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Thursday, October 11, 2012

Wollongambe Crater

Regular readers of this blog will recall many walks on which our Danish friend Lise Marie was with us. Well, after being back in Denmark for a year or so she and her partner Kristian came back to Oz for a visit, and we felt it essential to get them out into the bush for a night while they were here.
A quick technical note: your intrepid photographer sadly had an embarrassing technical SNAFU this time. I was trying out the new large sensor compact by Sony as a bush camera. It's great (IQ comparable to many CSCs) but for one flaw: if you keep it in your pocket, pressure on the shutter button can drain the battery. It would be smart for the firmware to detect that it can't extend the lens, and therefore shut down the electronics. As a result no pictures from that camera. Fortunately Mark Olsen was with us, and took a few pics which he has generously allowed us to use. You might like to check out his great site at http://www.explorelifeonearth.org expecially, but not only, if you have botanical interests.

The plan was for one night trip, camped at a cave a bush bash well off the usual route, and then head to the crater the next day and walk out. The walk starts at Bell.

We headed off through the occasional shower and emerged on the heath-covered tops. Karola was with us, and had been training and turned out to be one of the most powerful walkers of the trip

La Nina is behind us, El Nino beckons, and the country is already drying out

We reached the knoll where there is a bit of open space and a view fairly early, even though we didn't set out until late, and stopped for afternoon tea:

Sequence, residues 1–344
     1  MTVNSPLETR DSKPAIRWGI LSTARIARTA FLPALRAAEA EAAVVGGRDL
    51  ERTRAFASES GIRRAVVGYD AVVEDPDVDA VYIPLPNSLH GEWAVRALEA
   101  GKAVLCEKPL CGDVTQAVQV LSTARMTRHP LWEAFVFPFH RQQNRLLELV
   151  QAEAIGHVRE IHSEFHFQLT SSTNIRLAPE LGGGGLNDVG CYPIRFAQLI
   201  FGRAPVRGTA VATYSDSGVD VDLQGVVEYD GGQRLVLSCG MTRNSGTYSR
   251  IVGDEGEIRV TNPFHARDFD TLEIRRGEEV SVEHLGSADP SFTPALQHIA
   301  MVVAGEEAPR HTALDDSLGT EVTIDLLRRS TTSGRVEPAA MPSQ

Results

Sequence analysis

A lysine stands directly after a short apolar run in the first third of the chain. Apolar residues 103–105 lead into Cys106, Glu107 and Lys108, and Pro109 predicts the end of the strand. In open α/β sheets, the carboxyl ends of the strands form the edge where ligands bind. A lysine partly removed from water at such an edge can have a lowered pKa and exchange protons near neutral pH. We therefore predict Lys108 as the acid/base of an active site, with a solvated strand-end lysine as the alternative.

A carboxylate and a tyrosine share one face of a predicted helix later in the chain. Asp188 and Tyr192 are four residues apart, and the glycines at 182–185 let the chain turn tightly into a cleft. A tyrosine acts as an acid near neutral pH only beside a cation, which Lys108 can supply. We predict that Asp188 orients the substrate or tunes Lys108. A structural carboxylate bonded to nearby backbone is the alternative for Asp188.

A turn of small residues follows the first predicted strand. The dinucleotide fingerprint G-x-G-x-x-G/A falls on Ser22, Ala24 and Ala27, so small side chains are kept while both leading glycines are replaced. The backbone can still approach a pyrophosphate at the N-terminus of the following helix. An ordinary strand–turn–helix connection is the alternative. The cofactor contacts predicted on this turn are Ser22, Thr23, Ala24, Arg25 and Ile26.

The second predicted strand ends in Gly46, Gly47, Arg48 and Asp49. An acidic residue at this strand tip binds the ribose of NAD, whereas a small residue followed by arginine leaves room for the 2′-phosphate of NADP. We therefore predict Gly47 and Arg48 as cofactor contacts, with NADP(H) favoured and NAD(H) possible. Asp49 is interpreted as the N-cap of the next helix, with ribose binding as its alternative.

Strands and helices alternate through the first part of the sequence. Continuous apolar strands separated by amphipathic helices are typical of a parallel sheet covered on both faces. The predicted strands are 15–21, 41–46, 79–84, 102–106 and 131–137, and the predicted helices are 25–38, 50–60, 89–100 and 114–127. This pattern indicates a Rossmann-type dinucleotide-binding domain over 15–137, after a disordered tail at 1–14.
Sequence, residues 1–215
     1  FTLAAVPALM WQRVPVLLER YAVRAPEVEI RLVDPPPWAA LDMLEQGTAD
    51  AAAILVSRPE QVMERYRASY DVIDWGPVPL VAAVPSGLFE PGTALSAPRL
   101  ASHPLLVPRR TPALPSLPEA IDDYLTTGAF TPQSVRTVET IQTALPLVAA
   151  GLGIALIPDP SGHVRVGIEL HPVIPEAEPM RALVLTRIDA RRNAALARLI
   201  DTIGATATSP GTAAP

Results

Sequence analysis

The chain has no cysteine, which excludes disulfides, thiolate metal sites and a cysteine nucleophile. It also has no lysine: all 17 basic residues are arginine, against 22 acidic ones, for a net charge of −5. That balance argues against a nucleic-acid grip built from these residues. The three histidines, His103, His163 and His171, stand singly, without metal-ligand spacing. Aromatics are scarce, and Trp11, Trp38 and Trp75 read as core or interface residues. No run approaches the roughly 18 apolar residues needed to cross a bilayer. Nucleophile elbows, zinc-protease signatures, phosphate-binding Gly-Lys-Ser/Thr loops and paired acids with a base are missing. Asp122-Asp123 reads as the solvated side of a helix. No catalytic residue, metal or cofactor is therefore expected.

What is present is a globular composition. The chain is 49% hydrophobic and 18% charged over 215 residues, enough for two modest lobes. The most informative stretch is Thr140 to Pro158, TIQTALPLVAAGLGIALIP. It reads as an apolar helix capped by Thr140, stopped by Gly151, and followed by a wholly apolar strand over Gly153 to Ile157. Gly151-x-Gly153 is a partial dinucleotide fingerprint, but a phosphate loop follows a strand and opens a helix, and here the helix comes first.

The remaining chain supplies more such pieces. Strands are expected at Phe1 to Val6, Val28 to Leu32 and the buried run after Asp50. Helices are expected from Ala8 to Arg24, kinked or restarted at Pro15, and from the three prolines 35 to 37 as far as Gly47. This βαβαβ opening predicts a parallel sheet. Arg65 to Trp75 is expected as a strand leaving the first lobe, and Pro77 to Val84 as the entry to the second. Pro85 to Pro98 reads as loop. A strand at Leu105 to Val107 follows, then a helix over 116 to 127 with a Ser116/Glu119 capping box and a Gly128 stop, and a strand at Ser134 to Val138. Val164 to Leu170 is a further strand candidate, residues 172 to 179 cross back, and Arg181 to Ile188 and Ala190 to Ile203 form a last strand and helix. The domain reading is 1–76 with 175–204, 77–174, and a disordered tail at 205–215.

Tea break on day 1:

Late in the afternoon we headed off track to our camp site, arriving at dusk. We felt a bit bad because our eight strong party was interrupting the solitude of a women who presumably, since it was already dusk, though she had the spot to herself. But it was too late to find another campsite.

Here then is Karola admiring Daniela's innovative, egg carton based equipment pouch:

And here's the campsite next morning; all awake except Daniela on her 'grandmother mattress' managing to sleep through a noisy breakfast

In the morning light we can admire Paul's bush carpentry skills: the sandstone and timber bench we built the night before!

Here we are at the top of the gorge getting ready to bash back to the track:

And here's a view into the gorge:

Mark went off to do some botanizing while the rest of us made for the crater, and found inter alia these amazing rock bowls:

There are lovely campsites along the Wollongambie river on the way to the crater. With Mark away I was reduced to using my phone (I'm afraid I've never done it before!) to capture Kristian at the crater itself:

Here's a view from a sort of island in the middle of a swamp in the crater itself where people seem to camp:

Daniela and Paul eating strawberries:

Here's the rock knoll again on our walk out:

Finally here's some amazingly dense Petrophile likely pulchella scrub


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